More than 100 investigations into suspected Islamic extremists within the military have been carried out by the FBI, including 12 cases considered serious, NPR is reporting. Investigators believe the main target to be military bases. NPR reports:
Officials define that [a serious case] as a case requiring a formal investigation to gather information against suspects who appear to have demonstrated a strong intent to attack military targets. This is the first time the figures have been publicly disclosed.
The FBI and Department of Defense call these cases "insider threats." They include not just active and reserve military personnel but also individuals who have access to military facilities such as contractors and close family members with dependent ID cards.
Officials would not provide details about the cases and the FBI would not confirm the numbers, but they did say that cases seen as serious could include, among others things, suspects who seem to be planning an attack or were in touch with "dangerous individuals" who were goading them to attack.
The investigation was discussed at a closed hearing on Capitol Hill in December. Though the FBI and Defense Department would not disclose details, Sen. Joseph Lieberman spoke to the radio network:
"I was surprised and struck by the numbers; they were larger than I expected," Sen. Joseph Lieberman, an independent from Connecticut and chairman of the Senate Committee on Homeland Security, told NPR. He stopped short of confirming the numbers.
“I know one can say that as a percentage of the millions of people in active military service or working with contractors, the numbers you talk about are a small percentage of the total, but the reality is it only took one man, Nidal Hasan, to kill 13 people at Fort Hood and injure a lot more," Lieberman said.
In 2009, Nidal Hasan, a military psychiatrist and a U.S. Army major went on a shooting spree at Fort Hood in Texas, killing 13. He presently faces charges of premeditated murder.
In December, the Pentagon was criticized by lawmakers for classifying the massacre as “workplace violence.” Republican Sen. Susan Collins then suggested political correctness was taking precedence over security concerns and blasted the Obama administration for not calling it a threat from radical Islam.
Prosecutors say Hasan, an American Muslim of Palestinian descent, had communicated with the U.S.-born al-Qaeda cleric Anwar al-Awlaki before the shooting. Awlaki was killed in a U.S. drone attack in Yemen last September. If he is convicted at his scheduled August court-martial, he could face the death penalty. Earlier this month, The Blaze reported Hasan's pre-trial hearing was delayed over his beard, which was in violation of the Army's grooming standards.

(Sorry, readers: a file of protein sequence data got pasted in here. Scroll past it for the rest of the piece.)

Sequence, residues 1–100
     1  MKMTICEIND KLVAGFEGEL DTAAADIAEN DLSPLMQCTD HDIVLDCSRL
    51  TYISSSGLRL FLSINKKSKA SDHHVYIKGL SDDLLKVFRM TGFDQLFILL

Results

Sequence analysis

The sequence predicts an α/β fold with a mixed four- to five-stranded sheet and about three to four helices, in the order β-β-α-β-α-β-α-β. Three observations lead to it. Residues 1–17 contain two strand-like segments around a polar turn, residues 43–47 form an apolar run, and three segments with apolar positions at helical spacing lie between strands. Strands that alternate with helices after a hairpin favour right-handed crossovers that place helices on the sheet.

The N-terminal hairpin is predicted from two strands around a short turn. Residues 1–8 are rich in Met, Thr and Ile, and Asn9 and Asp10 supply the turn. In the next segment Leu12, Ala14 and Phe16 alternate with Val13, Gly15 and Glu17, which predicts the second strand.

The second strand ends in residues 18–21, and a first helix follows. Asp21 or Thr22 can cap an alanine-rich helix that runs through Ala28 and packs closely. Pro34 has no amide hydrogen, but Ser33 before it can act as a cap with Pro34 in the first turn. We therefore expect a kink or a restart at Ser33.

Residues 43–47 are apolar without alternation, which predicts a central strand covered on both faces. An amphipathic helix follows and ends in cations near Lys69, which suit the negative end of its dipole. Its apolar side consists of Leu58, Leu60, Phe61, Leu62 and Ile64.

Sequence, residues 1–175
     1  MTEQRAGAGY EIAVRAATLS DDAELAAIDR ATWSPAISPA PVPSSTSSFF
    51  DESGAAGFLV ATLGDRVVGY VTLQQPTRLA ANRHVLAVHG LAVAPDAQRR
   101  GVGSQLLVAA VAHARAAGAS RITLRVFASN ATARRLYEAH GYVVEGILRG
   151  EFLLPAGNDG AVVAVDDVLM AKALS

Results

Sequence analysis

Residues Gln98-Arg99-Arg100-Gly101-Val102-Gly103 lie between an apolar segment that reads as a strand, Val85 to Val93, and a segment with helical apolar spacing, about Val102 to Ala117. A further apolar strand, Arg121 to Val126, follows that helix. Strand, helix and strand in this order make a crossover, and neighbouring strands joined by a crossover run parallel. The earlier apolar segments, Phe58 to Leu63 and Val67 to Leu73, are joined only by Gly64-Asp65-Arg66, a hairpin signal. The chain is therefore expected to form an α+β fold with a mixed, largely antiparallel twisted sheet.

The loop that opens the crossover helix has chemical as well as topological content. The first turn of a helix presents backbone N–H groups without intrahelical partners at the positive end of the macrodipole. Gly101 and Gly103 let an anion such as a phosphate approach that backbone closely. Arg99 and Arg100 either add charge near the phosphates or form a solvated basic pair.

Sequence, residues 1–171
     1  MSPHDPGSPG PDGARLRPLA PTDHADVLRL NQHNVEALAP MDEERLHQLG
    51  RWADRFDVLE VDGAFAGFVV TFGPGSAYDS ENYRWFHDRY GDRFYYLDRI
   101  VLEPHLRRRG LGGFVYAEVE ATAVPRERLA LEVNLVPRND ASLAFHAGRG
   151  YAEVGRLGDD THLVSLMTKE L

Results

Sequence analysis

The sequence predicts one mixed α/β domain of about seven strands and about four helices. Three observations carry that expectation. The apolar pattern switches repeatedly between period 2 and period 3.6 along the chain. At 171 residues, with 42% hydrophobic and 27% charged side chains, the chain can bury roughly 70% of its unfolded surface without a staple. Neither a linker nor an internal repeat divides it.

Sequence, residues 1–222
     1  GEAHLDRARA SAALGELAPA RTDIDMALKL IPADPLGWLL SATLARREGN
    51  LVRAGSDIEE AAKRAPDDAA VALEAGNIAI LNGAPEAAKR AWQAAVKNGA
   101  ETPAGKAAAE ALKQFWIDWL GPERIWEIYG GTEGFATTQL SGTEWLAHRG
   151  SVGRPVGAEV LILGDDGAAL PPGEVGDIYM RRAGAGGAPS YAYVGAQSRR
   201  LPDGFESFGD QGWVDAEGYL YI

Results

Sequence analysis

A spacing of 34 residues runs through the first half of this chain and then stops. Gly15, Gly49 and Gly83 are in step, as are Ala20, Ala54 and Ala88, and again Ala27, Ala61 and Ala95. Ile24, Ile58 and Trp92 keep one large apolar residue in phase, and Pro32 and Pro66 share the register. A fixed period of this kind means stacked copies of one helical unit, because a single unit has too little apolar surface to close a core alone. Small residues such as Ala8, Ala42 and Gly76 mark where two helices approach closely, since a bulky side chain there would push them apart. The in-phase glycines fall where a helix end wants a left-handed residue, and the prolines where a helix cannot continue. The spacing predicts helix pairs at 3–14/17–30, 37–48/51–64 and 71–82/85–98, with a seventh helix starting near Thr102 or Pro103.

NPR provides more detail on the categories into which the FBI is dividing its current 100 investigations:
The FBI typically divides investigations into three categories: assessment, preliminary investigations, and then full investigations in which agents have enough evidence to justify using all the investigative tools at their disposal. As of last December, there were a dozen cases in that last category.
"This number speaks not only to the reality that there is a problem of violent Islamic extremists in the military, but also that the Department of Defense and the FBI since the Nidal Hassan case are working much more closely together," said Lieberman.
Officials stressed that the FBI and the Department of Defense track all kinds of extremism within the military community from white supremacists to neo-Nazis, not just Islamic extremists.
But the Fort Hood shooting inspired new reporting procedures aimed at catching plots before they unfold. Since 2001, law enforcement officials have foiled and prosecuted more than 30 plots or attacks against military targets within the United States.
Fox News detailed previous threats to domestic military bases:
In June , two men allegedly plotted to attack a Seattle, Wash., military installation using guns and grenades. In July, Army Pvt. Naser Abdo was accused of planning a second attack on Fort Hood. And in November, New York police arrested Jose Pimentel, who alleged sought to kill service members returning from Iraq and Afghanistan.
Both Pimentel and Abdo also allegedly drew inspiration from al-Awlaki and the online jihadist magazine Inspire, which includes a spread on how to "Make a Bomb in the Kitchen of Your Mom."
In December, New York Republican Rep. Peter King, chairman of the House Homeland Security Committee, suggested to Fox that “enlisted jihadists” pose a double-threat:
"There is a serious threat within the military from people who have enlisted who are radical jihadists," King said. "The Defense Department is very concerned about them. They feel they're a threat to the military both for what they can do within the military itself and also because of the weapons skills they acquire while they're in the military."
King believes military personnel are considered by terrorists to be a uniquely valuable target, since they are "symbols of America's power, symbols of America's might…And if they (military personnel) can be killed, then that is a great propaganda victory for al Qaeda," he said.